QUEZON CITY, Philippines — Protected bike lanes are essential for building better, more liveable cities. This is what Greenpeace wants people to appreciate as it takes part in the “Share the Road” exercise on August 15-18, 2020.
The environmental organization joins biking advocates, supported by key government agencies, as they provide frontliners and other bikers with pop-up bike lanes along EDSA for the next four days. The group is calling on Metro Manila mayors to advance protected bike lanes as part of a comprehensive plan to put people at the center of city planning.
The “Share the Road” initiative in EDSA is the second wave of the event, which was first organized at Commonwealth Avenue by Biker’s United Marshalls (BUM). The bike lanes will be set up at six stations along the highway’s southbound side, from Aurora Boulevard to Magallanes.
Greenpeace Southeast Asia executive director Yeb Saño sees the activity as an opportunity for people to appreciate the far-reaching benefits of establishing a cycling lane network along main roads.
“Bike lanes are not just for bikes and bikers, but for everyone living and working in cities,” he said. “With the right planning, they could provide pedestrians and commuters with safer, wider room to move even at a busy road like EDSA.”
Greenpeace believes that because of urban planning that has prioritized motor vehicles running on fossil fuels, the resulting air pollution has made our cities unhealthy for ordinary citizens.
“Globally, cities account for 75% of global greenhouse gas emissions, a great part of it is from fossil fueled transport. Cities that provide more opportunities for active mobility such as biking and walking will create less need for cars,” Saño said. “This means less air pollution, and a huge opportunity for climate mitigation,”
Moreover, protected bike lanes are an important component in planning a healthier, greener design for our cities.
“Imagine Metro Manila not just with bike lanes, but with more trees, more green public spaces, and more room for everyone to breathe,” Saño said. “This is what we want to see when we ask for liveable cities, for a better normal beyond this pandemic.”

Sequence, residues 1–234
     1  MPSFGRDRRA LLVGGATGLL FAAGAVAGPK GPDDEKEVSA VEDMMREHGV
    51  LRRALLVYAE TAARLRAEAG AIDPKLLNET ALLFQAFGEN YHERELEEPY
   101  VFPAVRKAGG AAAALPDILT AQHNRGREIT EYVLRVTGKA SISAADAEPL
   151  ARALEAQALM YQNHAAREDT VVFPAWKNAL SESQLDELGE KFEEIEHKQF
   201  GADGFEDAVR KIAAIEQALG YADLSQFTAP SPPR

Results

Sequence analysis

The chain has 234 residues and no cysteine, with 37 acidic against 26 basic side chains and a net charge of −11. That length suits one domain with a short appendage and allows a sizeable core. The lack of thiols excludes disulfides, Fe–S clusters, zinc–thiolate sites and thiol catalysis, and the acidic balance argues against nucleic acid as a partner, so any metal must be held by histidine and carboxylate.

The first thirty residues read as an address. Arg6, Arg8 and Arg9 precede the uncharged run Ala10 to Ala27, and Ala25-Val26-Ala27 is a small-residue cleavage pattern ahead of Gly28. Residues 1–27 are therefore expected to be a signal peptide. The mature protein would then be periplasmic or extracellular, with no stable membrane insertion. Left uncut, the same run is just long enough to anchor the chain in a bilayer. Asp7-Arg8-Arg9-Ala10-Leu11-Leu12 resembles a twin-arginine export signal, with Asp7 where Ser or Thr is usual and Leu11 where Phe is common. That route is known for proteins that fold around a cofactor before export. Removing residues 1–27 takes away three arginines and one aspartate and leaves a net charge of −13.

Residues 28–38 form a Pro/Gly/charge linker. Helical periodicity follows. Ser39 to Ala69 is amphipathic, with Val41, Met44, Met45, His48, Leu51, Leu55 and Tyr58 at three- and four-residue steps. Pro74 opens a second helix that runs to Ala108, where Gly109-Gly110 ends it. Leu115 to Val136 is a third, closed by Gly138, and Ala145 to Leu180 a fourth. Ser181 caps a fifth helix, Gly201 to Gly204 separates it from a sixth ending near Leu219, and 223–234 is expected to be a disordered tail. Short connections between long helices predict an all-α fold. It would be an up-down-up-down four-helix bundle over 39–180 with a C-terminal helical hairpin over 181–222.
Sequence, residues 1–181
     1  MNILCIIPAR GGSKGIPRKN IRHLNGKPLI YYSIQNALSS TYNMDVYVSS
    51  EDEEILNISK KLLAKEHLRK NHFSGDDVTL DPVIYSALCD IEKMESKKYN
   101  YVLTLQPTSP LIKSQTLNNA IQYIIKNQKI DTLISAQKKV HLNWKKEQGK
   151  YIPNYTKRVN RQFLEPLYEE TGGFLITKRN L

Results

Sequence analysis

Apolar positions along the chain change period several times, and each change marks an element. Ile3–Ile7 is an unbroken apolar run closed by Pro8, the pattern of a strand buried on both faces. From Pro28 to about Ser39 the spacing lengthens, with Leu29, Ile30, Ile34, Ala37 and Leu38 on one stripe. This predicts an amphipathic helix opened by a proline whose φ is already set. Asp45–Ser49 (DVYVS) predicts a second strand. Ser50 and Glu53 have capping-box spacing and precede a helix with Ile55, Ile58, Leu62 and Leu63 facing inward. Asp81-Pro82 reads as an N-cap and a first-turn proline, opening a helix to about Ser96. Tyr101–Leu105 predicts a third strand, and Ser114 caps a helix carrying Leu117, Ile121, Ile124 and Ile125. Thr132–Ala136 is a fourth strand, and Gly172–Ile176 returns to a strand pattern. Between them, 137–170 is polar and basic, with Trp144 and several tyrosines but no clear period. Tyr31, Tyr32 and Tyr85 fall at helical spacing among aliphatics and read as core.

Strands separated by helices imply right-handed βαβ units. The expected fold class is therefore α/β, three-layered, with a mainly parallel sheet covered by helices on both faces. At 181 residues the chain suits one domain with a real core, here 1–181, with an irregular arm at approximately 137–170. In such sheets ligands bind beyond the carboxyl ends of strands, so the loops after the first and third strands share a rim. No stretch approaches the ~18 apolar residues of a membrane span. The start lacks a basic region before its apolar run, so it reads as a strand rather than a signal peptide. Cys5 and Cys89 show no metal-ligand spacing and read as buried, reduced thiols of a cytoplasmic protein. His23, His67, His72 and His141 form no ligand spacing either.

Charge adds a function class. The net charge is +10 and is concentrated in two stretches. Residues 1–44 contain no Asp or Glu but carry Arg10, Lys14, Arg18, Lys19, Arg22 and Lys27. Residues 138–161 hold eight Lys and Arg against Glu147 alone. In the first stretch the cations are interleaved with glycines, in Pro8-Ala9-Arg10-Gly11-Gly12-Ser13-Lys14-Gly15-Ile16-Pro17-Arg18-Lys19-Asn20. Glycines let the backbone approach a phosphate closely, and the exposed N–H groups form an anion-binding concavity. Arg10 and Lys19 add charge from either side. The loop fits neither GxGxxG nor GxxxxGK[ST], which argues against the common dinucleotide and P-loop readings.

Fortunately for biking and environmental advocates, there is growing interest in the government to make permanent, safe bike lanes happen.
“We are starting with the issuance of the Joint Administrative Order that will guide the NGAs and LGUs in the implementation of active transport projects and policies, signed by the Departments of Health (DOH), Transportation (DOTr), Interior and Local Government (DILG), and Public Works and Highways (DPWH),” said Engr. Eldon Joshua Dionisio of the DOTr. The agency is a participant in the event, along with the aforementioned signatories.
He added: “Meanwhile, the Department Order on the Guidelines and Protocols on Active Transport and Light Mobility Vehicles will ensure the safe usage of our bike lanes and maintain order on the road to protect our cyclists.”
Greenpeace supports these developments, but for the sake of the people banking on a future with people-centric roads, the group hopes the government will soon produce a concrete plan for permanent bike lanes.
“The fact that we got this far is proof that collective citizen action can disrupt public discourse and influence our leaders to do right by its people,” Saño said. “Therefore, we must remain steadfast in calling for this and other solutions that will improve our quality of life—not just in Metro Manila, but in the whole country.”
Note to Editors:
Note to Editors:
Last February, a Greenpeace report detailed that air pollution from fossil fuels is attributed to cause an estimated 27,000 premature deaths per year in the Philippines.
UN Environment Programme, “Cities and Climate Change”
Angeli Cantillana, Communications Campaigner
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